How Cute Animal Videos Could Help Science

A screengrab from Deonette De Jongh's video of a dog's encounter with an orca.
A screengrab from Deonette De Jongh's video of a dog's encounter with an orca. (Image credit: YouTube | Deonette De Jongh)

The Internet is a friendly place for cute and weird animal behaviors caught on camera, from foxes jumping on trampolines to dogs playing with deer. But beyond entertaining the masses, these amateur viral videos sometimes document behaviors that are rarely seen, and they could help scientists understand how species interact with each other, some researchers say.

"They're not substitutes for good, hardcore research, but they're very valuable for people who aren't going to see certain things," Marc Bekoff, a former professor of ecology and evolutionary biology at the University of Colorado, Boulder, told LiveScience this week. "From a pedagogical point of view, I wish I had had more access to YouTube videos. I would have probably used them in my classes."

Take the famous "snowboarding" crow that was caught repeatedly sliding down an icy roof using a plastic lid. A Russian video of the playful behavior was uploaded to YouTube in January 2012. In its first six months online, it had been viewed more than 670,000 times.

Ximena Nelson, a biologist at the University of Canterbury in New Zealand, said she had witnessed similar sledding behavior in the kea parrot, but noted that it's very rare to see. Nelson said in an email that "citizen science can give us a much better idea of the variety of interesting play behaviors, tool use, or other behavior that is relatively rare that can be found among other animals."

Nelson and her colleague Natasha Fijn, of the Australian National University, argue in a recent article in Animal Behavior that these clips could provide evidence and valuable insights on uncommon or even unknown animal antics.

Some scientists are already putting such resources to use. A study published recently in the journal Wildlife Research surveyed photos and videos of whale sharks that vacationers have uploaded to social media sites like Flickr and YouTube. The study found that scientists could use 85 percent of these images to successfully identify individual sharks, which could help scientists track and learn more about the huge animals.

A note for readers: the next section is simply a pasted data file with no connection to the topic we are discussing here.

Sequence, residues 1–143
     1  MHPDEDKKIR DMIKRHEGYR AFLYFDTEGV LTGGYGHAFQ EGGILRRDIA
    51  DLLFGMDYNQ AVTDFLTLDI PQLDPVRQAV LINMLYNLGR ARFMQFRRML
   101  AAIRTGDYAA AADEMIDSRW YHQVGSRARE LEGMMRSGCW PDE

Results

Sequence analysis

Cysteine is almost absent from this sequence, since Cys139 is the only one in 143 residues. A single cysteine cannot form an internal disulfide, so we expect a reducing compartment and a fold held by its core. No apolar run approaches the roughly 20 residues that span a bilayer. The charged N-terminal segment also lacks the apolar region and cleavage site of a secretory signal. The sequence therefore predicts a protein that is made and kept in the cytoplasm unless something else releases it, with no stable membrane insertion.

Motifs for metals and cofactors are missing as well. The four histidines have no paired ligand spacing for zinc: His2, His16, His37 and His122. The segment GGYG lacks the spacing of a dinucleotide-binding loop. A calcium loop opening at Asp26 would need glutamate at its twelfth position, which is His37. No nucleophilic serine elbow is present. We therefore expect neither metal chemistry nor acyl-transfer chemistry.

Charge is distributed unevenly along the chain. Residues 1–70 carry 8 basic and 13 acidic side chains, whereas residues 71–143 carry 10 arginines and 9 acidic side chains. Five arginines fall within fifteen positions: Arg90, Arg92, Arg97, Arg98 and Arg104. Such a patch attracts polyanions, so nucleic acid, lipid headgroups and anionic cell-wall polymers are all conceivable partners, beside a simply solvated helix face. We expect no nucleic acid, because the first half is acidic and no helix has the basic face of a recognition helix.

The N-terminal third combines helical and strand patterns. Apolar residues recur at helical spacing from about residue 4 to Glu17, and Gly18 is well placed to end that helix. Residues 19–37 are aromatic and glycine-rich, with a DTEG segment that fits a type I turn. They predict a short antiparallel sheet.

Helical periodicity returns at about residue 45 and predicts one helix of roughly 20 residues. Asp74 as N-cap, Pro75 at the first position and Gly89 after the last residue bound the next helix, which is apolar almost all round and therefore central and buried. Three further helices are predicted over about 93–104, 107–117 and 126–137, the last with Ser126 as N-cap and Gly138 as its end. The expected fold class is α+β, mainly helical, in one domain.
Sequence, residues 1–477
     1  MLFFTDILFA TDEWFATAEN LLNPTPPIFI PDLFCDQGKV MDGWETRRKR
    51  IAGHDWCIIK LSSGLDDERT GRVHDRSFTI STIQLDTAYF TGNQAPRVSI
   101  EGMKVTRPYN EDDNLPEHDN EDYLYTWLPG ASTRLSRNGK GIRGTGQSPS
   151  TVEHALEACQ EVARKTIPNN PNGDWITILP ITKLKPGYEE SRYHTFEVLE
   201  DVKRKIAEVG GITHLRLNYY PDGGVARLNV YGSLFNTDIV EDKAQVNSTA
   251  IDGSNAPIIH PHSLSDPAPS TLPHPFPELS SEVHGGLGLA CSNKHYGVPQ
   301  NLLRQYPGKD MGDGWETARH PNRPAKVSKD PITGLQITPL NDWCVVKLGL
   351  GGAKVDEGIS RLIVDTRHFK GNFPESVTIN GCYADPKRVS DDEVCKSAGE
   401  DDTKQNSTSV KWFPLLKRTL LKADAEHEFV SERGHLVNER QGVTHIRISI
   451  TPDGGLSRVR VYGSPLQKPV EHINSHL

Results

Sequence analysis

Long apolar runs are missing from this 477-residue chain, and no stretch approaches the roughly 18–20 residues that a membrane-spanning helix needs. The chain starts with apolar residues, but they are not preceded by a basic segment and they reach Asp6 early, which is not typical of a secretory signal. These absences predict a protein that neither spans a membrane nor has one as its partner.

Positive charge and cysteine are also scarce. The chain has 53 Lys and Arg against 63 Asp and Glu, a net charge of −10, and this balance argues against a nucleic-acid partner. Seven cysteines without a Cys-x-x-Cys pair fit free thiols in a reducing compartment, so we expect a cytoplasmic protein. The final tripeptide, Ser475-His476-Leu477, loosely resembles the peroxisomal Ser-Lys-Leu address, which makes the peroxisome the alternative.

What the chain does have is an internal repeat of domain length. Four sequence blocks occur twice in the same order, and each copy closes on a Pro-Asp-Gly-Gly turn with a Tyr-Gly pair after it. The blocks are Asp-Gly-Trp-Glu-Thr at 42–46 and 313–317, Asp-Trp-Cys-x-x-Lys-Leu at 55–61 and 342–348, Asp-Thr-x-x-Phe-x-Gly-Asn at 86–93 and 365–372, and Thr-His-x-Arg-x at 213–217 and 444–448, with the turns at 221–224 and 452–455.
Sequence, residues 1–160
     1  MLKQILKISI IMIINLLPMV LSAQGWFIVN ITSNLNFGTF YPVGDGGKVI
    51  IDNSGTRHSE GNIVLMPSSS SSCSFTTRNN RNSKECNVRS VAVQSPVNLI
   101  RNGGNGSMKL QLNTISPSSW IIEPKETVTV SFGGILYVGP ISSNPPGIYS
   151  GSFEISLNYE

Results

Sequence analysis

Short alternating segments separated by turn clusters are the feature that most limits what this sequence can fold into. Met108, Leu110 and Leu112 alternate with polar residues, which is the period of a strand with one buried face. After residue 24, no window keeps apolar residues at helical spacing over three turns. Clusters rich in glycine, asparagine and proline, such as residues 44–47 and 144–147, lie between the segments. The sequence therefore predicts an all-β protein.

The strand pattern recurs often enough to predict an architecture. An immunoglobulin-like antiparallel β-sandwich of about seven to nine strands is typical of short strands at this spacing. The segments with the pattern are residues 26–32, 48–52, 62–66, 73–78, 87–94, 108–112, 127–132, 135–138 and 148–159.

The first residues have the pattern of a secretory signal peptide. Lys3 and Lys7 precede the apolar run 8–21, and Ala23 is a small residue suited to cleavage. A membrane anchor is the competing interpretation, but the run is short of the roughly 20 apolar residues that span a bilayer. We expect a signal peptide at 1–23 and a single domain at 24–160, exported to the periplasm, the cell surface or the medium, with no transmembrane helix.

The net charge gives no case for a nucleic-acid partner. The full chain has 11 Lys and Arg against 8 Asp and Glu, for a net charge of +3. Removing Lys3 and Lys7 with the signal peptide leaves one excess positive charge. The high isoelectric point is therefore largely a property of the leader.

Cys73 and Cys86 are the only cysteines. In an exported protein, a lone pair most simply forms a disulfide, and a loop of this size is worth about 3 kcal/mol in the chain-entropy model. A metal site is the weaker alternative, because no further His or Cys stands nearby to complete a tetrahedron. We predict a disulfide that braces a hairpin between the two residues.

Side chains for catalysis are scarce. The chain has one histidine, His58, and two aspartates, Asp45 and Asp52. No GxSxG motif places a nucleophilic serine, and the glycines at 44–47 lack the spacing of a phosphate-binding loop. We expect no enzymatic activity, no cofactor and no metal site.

Footage uploaded by citizens could be especially helpful in deepening our understanding animal play, which is understudied, sometimes difficult to observe, and a favorite subgenre of viral animal videos, the researchers say.

"Some of the videos have opened the door for thinking about cross-species relationships," Bekoff said. Dogs tend to be featured heavily in these kinds of clips, and they could challenge the notion of "man's best friend" as they show canines spontaneously playing with a remarkable range of animals, including monkeys, dolphins, deer, sheep, killer whales, horses and alpacas.

"One could conclude that dogs are not particularly anthropocentric or even canine-centric in relation to play bouts: they appear to play with any species that are willing to reciprocate," Nelson and Fijn write.

But not all animal videos are created equal. Nelson and Fijn say scientists need to be wary of clips that have been altered in post-production editing, which, they say, might be a reason why footage from tightly edited wildlife films has not been used in academic studies of animal behavior.

Email Megan Gannon or follow her @meganigannon. Follow LiveScience on Twitter @livescience. We're also on Facebook & Google+. Original article on Live Science.

Megan Gannon
Live Science Contributor
Megan has been writing for Live Science and since 2012. Her interests range from archaeology to space exploration, and she has a bachelor's degree in English and art history from New York University. Megan spent two years as a reporter on the national desk at NewsCore. She has watched dinosaur auctions, witnessed rocket launches, licked ancient pottery sherds in Cyprus and flown in zero gravity. Follow her on Twitter and Google+.